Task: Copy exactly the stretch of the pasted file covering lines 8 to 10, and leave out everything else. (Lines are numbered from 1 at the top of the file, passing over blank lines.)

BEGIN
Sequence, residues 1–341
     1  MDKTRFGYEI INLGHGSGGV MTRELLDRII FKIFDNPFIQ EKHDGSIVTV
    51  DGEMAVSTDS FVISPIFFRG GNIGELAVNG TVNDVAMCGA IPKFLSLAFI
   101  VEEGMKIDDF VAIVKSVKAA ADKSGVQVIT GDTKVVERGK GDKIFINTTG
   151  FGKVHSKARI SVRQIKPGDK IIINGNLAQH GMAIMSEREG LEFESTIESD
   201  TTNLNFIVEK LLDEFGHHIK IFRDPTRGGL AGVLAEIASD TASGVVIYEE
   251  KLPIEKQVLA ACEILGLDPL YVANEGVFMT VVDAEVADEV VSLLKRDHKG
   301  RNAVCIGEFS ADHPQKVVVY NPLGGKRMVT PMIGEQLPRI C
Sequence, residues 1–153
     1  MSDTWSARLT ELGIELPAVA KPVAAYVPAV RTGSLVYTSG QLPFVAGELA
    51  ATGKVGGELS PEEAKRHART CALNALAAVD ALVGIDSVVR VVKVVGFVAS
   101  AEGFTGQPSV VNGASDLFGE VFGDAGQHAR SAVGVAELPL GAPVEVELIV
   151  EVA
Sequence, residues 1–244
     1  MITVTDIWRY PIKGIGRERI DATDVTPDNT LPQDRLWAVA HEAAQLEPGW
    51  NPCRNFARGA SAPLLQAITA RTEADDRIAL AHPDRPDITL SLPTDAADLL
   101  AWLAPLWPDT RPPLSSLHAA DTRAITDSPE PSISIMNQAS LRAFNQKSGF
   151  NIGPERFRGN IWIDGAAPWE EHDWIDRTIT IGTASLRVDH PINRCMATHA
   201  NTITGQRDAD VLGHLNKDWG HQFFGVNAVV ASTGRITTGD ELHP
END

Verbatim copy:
   301  RNAVCIGEFS ADHPQKVVVY NPLGGKRMVT PMIGEQLPRI C
Sequence, residues 1–153
     1  MSDTWSARLT ELGIELPAVA KPVAAYVPAV RTGSLVYTSG QLPFVAGELA